“The only exceptions to [birthright citizenship], in the words of the [14th] Amendment to the Constitution. . . . The only exceptions . . . are persons not ‘subjection to the jurisdiction’ of the United States. Members of Congress at the time made clear that this wording applied only to Native Americans living on reservations . . . and American-born children of foreign diplomats.” – Donald Trump’s Unconstitutional Dreams, Eric Forner, The New York Times, 10/31/18 [Link]

Fact Check of Quote: “The fourteenth Amendment states, All persons born or naturalized in the United States, and subject to the jurisdiction thereof, are citizens of the United States. . . .” The key phrase is “subject to the jurisdiction thereof.” If being born in the U.S. is all that is necessary for citizenship, then why was this phrase added? Obviously it adds an additional qualification. What was it?

Contrary to what Forner says, members of Congress did not “make it clear” that jurisdiction only excluded Indians living on reservations and the children of diplomats. Here’s the explanation of Sen. Layman Trumbull who played a key role in shaping the language of the amendment and securing its passage:

“The provision is, that ‘all persons born in the United States, and subject to the jurisdiction thereof, are citizens.’ That means ‘subject to the complete jurisdiction thereof.’ What do we mean by ‘complete jurisdiction thereof? Not owing allegiance to anyone else. That is what it means.”

The Supreme Court subsequently confirmed this interpretation in The Slaughterhouse Cases (1873), when it stated that “The phrase, ‘subject to the jurisdiction’ was intended to exclude from its operation the children of ministers, counsels, and citizens or subjects of foreign states born within the United States.”

This language would clearly deny birthright citizenship to the children of illegal aliens. As citizens of foreign countries, living in in the U.S. in defiance of American law, they lack allegiance to this country and therefore do not fall under jurisdiction clause. Another Supreme Court decision upholding this view was the Elk case (1884) which ruled that an American Indian born in the U.S. was not a citizen due to his tribal allegiance.

So why do we have birthright citizenship? Its supporters often cite the Supreme Court’s Wong Kim Ark ruling in 1898. It held that the child of Chinese nationals born in this country was an American citizen. Although the parents were not U.S. citizens, it might still be argued that they fell under U.S. jurisdiction by being lawful permanent residents of the United States.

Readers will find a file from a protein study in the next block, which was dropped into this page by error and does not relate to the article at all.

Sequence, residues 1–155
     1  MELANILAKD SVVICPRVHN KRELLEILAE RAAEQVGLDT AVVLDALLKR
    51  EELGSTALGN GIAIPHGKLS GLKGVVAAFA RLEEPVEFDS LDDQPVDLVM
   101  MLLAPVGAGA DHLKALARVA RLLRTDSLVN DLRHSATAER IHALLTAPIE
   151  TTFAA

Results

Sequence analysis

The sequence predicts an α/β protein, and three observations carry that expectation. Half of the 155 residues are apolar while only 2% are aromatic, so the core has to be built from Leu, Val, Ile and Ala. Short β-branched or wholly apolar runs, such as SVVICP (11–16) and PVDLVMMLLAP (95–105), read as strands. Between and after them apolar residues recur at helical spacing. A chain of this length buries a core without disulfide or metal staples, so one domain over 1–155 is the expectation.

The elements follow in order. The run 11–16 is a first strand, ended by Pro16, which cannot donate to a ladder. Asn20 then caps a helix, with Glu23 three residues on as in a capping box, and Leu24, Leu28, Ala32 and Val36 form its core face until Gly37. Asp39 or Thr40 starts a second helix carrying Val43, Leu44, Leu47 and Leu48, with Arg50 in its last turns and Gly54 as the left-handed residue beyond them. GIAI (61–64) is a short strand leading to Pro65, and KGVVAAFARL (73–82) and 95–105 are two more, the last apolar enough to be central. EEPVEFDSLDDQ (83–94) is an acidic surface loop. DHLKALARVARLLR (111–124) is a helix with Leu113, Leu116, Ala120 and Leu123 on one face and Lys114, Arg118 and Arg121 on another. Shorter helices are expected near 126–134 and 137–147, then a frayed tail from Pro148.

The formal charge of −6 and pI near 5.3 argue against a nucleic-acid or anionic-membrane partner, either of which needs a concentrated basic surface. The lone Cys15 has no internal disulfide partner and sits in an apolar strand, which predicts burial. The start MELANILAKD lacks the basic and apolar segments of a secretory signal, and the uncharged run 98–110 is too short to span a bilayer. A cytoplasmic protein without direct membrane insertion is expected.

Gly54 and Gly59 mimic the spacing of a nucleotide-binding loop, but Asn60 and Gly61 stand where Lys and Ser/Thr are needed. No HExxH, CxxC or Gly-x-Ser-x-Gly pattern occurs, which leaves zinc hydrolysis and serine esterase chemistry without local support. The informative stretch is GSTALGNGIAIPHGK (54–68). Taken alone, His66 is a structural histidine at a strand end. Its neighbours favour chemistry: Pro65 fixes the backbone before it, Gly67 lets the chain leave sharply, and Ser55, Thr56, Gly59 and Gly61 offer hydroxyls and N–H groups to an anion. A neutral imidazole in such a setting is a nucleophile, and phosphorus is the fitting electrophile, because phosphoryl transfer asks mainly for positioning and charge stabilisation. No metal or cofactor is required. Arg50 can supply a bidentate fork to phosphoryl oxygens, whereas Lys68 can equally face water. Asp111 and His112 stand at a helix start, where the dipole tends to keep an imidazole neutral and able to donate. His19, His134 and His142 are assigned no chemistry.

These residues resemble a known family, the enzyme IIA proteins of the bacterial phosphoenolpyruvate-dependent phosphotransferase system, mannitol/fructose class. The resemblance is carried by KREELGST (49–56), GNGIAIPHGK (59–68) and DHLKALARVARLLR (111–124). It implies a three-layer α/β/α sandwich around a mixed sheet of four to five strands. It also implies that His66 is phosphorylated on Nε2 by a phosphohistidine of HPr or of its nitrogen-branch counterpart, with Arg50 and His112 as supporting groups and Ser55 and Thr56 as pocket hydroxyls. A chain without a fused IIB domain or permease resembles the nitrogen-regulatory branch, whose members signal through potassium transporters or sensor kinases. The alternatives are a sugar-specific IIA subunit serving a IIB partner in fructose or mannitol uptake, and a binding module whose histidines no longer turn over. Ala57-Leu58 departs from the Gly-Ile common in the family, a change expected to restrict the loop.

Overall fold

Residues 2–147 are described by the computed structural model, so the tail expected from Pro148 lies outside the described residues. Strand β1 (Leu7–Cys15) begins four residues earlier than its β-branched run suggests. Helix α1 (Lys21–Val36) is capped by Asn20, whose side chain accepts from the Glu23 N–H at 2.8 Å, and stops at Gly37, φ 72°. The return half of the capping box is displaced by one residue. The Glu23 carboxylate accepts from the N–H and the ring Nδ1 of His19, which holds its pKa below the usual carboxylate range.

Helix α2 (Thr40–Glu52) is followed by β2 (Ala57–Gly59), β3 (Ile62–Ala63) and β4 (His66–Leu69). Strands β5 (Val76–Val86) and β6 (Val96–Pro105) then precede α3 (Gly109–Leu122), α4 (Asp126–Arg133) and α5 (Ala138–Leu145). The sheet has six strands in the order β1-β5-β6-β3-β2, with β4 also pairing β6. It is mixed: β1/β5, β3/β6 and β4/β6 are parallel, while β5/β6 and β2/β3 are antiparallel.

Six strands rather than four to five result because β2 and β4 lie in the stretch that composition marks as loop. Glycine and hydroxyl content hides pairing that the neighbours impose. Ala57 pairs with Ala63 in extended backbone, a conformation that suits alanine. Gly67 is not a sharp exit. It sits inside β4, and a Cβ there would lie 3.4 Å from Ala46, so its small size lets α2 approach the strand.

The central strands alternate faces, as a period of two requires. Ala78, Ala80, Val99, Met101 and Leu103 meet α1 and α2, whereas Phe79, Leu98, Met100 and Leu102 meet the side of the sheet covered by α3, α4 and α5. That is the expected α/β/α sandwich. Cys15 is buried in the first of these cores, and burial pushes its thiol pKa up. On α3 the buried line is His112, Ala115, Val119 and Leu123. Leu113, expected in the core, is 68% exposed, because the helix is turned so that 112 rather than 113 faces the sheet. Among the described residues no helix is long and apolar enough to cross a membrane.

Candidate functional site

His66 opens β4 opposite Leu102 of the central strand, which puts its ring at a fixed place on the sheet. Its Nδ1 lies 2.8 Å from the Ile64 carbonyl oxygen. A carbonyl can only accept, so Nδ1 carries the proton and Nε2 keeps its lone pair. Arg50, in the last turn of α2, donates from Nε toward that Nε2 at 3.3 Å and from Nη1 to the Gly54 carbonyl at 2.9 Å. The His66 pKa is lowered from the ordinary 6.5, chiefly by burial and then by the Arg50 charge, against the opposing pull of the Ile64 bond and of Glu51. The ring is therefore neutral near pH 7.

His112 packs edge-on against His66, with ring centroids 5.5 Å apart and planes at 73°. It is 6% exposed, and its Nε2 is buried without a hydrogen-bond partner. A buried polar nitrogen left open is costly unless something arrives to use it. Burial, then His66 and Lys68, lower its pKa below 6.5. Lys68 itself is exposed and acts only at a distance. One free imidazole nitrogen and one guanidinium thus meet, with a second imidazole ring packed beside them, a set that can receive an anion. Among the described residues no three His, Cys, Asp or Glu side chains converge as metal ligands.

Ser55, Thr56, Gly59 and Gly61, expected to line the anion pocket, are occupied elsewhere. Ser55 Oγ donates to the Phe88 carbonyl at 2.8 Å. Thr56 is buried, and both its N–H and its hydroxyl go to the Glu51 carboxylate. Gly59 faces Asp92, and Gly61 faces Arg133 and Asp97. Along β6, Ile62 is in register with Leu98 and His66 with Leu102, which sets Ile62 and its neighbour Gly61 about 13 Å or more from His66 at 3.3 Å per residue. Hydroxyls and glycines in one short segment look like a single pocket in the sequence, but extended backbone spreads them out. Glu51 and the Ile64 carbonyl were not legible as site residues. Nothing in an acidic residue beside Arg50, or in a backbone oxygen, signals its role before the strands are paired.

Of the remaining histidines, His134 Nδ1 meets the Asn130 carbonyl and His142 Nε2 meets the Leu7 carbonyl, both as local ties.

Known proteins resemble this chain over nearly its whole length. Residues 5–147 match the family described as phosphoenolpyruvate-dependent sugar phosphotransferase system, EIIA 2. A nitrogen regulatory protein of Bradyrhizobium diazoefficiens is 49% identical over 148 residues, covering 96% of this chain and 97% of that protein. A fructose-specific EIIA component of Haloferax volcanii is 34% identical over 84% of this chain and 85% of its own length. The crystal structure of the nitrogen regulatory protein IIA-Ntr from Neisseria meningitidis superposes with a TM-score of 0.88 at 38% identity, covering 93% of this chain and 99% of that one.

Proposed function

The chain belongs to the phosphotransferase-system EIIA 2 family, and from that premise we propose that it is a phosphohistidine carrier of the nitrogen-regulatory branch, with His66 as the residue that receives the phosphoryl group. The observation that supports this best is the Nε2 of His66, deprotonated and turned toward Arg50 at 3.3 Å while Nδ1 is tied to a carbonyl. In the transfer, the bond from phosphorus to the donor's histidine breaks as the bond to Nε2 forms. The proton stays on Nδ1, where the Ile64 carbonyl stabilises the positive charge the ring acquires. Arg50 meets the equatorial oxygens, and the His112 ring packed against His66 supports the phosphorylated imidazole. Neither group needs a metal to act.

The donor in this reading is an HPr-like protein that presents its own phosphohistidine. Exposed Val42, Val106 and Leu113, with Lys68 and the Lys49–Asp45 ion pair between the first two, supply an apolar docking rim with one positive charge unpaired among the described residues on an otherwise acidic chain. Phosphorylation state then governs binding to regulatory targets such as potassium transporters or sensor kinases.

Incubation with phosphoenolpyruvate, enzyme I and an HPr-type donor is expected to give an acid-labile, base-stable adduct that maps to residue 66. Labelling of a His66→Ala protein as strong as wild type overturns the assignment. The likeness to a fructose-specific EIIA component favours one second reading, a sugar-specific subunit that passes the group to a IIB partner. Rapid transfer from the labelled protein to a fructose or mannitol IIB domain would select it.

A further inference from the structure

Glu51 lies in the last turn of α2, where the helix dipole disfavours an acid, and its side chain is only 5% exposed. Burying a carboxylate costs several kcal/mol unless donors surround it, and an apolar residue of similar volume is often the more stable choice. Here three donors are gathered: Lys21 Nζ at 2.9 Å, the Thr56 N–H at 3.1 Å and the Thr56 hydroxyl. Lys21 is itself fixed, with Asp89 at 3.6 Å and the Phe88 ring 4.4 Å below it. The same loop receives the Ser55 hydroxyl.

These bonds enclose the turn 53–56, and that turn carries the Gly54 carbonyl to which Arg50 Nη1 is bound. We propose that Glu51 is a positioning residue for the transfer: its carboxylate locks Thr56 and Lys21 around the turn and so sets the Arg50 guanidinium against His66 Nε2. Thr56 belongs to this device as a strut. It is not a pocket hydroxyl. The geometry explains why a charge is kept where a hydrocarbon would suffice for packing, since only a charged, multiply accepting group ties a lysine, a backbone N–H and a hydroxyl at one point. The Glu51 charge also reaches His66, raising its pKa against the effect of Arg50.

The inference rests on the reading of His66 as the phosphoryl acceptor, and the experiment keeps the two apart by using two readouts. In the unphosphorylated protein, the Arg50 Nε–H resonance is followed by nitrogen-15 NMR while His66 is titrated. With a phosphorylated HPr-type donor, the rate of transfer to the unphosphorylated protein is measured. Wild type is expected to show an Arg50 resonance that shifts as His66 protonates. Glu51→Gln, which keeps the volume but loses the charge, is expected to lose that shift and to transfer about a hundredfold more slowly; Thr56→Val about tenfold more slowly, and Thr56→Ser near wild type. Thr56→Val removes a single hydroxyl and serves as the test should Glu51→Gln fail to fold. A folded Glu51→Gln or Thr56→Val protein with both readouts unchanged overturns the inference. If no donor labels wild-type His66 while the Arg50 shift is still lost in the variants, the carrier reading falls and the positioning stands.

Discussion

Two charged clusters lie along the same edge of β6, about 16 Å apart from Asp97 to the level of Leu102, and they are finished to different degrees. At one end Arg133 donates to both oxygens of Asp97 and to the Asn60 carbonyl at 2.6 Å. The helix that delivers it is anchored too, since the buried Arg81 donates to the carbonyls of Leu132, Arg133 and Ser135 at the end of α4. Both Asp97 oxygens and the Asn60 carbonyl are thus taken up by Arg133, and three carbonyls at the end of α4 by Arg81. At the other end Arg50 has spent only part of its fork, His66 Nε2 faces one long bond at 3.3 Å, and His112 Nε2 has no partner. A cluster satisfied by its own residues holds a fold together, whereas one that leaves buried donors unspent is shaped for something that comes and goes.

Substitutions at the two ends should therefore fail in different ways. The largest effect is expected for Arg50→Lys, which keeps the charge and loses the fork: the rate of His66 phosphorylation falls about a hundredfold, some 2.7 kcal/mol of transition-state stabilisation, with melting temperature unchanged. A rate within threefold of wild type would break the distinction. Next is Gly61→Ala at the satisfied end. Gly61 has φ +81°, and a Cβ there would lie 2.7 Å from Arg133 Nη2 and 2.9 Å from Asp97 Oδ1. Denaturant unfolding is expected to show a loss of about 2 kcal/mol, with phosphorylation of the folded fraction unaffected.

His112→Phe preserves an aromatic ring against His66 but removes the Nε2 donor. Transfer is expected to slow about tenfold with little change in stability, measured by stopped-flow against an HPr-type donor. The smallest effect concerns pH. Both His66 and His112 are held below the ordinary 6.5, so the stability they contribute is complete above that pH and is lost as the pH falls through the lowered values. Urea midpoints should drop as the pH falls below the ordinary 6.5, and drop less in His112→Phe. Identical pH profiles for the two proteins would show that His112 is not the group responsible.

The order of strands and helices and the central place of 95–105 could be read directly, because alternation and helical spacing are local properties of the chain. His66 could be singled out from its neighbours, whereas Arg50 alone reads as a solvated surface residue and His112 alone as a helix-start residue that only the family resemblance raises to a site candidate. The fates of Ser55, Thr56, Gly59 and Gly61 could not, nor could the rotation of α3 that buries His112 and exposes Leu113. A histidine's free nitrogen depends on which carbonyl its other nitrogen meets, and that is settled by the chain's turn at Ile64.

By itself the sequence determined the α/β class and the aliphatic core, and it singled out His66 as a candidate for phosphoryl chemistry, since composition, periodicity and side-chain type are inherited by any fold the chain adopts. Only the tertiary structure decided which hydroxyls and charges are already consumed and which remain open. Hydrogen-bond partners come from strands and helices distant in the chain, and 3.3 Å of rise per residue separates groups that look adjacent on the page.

The weight of legal evidence is against the claim that the 14th Amendment upholds birthright citizenship for the children of illegal aliens. What is needed is a clear and unambiguous ruling from the Supreme Court. President Trump’s proposed executive order, by drawing national attention to this issue, is a helpful step toward that goal.

Permanent link to this article: https://www.aicfoundation.com/birthright-citizenship-should-be-challenged/

Nov 08

Central American caravans on November 8

The original caravan is still reportedly in Mexico City, with members of the follow-on caravans en route to join them. Final destinations remain unclear, though the U.S. has begun to fortify certain ports of entry, eg, Nogales, Arizona.

Permanent link to this article: https://www.aicfoundation.com/central-american-caravans-on-november-8/

Nov 07

Immigration Won’t Save Retirement

An article in American Thinker rebuts the idea that mass immigration can save retirement benefits for older Americans. The article notes that immigrants can make a contribution because they generally take more in public benefits than they pay in taxes. The article advocates technological development to make the economy more productive in order to fund retirement benefits.

Read more at americanthinker.com

Permanent link to this article: https://www.aicfoundation.com/immigration-wont-save-retirement/

Nov 07

Central American caravan on November 7

The original and largest caravan is regrouping itself (to perhaps reach 6000 or more persons) in Mexico City, which is providing space at the Jesus Martinez sports complex. Leaders have not announced the group’s ultimate destination, which could be any U.S. port of entry along the nearly 2000-mile border.

 

Permanent link to this article: https://www.aicfoundation.com/central-american-caravan-on-november-7/

Nov 06

2016 Immigration Equals Record Level

The Center for Immigration Studies reports that “Newly released data show that 2016 tied with 1999 as the highest single year of immigration in U.S. history, with the arrival of 1.75 million new immigrants (both legal and illegal). The new numbers represent a continuation of the dramatic rebound in new arrivals since 2011, when annual immigration bottomed out after the Great Recession.”

Read more at cis.org

Permanent link to this article: https://www.aicfoundation.com/2016-immigration-equals-record-level/